Her examples are the wars in Afghanistan and Iraq, in which the second Bush Administration's heavy reliance on privatization overlapped with a number of its other readily critiqued enthusiasms. She notes that, in Afghanistan, private contractors "served in paramilitary units with the CIA, maintained combat equipment, provided logistical support, and worked on surveillance and targeting." In Iraq, they were involved in the "planning, policy writing, budgeting, intelligence gathering, [and] nation building." And because monitoring these varied, extensive, and complex contractual activities was clearly a difficult task, the Department of Defense contracted out its monitoring function to private contractors as well.
This extensive reliance on private contracting was not accompanied by a concomitant commitment to the procedures that are supposed to govern the contracting process. The Department of Defense failed to follow the required rules for competitive bidding, to monitor and control the performance of the contracting parties, and to ensure that contractor employees followed appropriate legal and moral norms. In consequences of these casual attitudes are well known in the case of Abu Ghraib, where private is contractors in carried out many of them the interrogations. This was more than an unfortunate and lapse in contractual supervision of the sort that can cost the U.S. government a billion dollars or so. Regardless of how one feels about such a massive human rights violation, the fact is that the images of naked, sometimes bloodied Arab men lying on the floor under the supercilious grins of male and female Americans will be vividly present in the mind of every adult in an embattled region where we are absolutely reliant on the support and goodwill of moderate forces for our security and our supply of crucial resources.
But the difficulties with the military's use of private contracting, in Minow's view, run as deeper than the specific failures during the wars in Afghanistan and Iraq. First, the competitive process that supposedly renders private enterprise more efficient than public agencies cannot be effectively implemented in many cases because there is no nongovernment market for the product in question. An obvious example is the LOGCAP contract through which a few private companies have provided a broad range of logistical services to the Army since the Reagan Administration. In these circumstances, there is no real competition for the initial award, and there is also a serious constraint on the effectiveness of subsequent monitoring because the government cannot afford to terminate the contract. Second, the private contractor's employees cannot be fully monitored or controlled because they lie outside the hierarchical structure that is so central to military discipline, and are thus exempt from many of the rules that constrain military personnel. Third, legal and moral norms can never be fully imposed on private contractors because private firms lack the democratic accountability of public agencies.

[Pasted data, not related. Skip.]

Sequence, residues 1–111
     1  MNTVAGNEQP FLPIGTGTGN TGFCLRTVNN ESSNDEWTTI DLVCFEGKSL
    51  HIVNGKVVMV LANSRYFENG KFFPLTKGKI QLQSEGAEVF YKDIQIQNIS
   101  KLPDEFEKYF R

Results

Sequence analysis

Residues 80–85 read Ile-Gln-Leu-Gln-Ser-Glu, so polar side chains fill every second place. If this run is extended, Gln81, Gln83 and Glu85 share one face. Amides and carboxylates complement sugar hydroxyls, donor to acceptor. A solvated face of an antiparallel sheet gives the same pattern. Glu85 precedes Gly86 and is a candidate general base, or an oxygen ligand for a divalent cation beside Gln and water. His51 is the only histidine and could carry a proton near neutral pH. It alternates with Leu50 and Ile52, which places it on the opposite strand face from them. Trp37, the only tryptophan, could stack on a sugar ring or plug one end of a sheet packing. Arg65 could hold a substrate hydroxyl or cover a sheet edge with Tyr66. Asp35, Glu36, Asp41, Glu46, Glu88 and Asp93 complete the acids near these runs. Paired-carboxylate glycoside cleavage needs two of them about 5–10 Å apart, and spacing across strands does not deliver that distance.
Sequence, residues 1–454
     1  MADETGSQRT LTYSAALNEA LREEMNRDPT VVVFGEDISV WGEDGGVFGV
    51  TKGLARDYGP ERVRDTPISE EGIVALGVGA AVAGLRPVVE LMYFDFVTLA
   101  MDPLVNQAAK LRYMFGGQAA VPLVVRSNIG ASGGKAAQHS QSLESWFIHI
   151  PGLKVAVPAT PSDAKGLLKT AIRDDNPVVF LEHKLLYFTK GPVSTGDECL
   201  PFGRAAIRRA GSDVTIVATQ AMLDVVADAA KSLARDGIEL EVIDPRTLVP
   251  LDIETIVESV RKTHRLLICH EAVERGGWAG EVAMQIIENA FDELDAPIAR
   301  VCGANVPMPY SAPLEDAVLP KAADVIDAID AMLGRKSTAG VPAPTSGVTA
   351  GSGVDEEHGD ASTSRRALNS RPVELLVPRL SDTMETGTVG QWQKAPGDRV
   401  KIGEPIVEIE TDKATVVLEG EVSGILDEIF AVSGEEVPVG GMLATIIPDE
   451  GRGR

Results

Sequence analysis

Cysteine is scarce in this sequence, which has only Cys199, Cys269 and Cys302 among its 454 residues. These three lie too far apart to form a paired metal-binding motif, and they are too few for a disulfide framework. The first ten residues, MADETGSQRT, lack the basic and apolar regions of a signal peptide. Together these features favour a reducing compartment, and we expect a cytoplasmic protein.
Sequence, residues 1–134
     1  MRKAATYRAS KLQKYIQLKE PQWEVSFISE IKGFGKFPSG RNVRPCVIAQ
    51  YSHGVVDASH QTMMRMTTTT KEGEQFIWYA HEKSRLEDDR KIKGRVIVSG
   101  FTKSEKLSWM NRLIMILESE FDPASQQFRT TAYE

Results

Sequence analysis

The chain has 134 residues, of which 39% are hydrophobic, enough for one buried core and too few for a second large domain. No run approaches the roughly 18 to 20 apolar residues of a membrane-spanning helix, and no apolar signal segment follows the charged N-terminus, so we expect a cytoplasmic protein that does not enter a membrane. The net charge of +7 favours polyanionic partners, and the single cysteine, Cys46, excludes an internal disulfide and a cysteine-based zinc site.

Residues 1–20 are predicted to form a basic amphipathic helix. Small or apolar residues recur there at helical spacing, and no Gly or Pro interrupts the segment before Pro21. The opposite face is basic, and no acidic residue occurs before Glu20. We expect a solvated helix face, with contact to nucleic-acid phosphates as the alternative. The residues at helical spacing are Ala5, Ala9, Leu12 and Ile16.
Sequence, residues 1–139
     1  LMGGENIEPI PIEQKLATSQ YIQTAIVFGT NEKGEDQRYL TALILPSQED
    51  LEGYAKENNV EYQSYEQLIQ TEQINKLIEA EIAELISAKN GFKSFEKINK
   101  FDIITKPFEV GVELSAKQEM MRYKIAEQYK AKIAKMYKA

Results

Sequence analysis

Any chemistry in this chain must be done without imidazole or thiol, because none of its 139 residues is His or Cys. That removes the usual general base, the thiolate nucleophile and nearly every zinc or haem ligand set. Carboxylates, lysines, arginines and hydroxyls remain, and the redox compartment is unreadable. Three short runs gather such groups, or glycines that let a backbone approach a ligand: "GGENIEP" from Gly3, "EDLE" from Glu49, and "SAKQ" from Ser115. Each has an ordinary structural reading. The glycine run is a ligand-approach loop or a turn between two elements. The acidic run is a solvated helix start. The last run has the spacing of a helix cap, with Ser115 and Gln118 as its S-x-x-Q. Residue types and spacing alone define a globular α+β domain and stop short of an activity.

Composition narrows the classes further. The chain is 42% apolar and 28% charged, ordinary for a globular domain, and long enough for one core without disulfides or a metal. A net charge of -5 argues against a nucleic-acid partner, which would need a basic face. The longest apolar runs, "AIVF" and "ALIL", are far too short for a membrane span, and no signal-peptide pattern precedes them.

This is not a one-sided book. At least three of the five chapters, those written by Steven Kelman, Stan Soloway and Alan Chvotkin, and Mathew Blum, argue that existing controls on government contracting are adequate and that additional restrictions of the sort proposed by other contributors would be counterproductive.
There is much useful material in this article, and, of course, the book itself, but the bottom line is Rubin's conclusion:
There is a direct connection between the two apparently distinct predictions in Stephenson's Snow Crash. The cyberspace world into which his characters withdraw to indulge their fantasies also represents a withdrawal from public, collaborative life that might well lead to the atrophy of government and its replacement with a largely privatized mode of social regulation. During the past several decades, there has been a substantial amount of enthusiasm for this vision of the future. But the catastrophes that have ensued from the second Bush Administration's efforts to fight a war with unsupervised private contractors; to respond to a natural disaster with an underfunded, incompetent emergency relief agency; and to allow private money managers to spin out increasingly complex financial instruments without regulatory constraint have brought home the values of collective action and government responsibility. As we move into a new presidential administration, and perhaps a new paradigm of governance, we should not recreate the bureaucratic rigidities that inspired the prior paradigm. We need a new approach to the complex relationship between government and private parties, one that recognizes the strengths of each and deploys them in a sophisticated, microanalytic manner. Government by Contract, with its well-informed, insightful individual essays and the engaged, attentive dialogue that emerges from the volume as a whole, represents an enormously valuable step in that direction.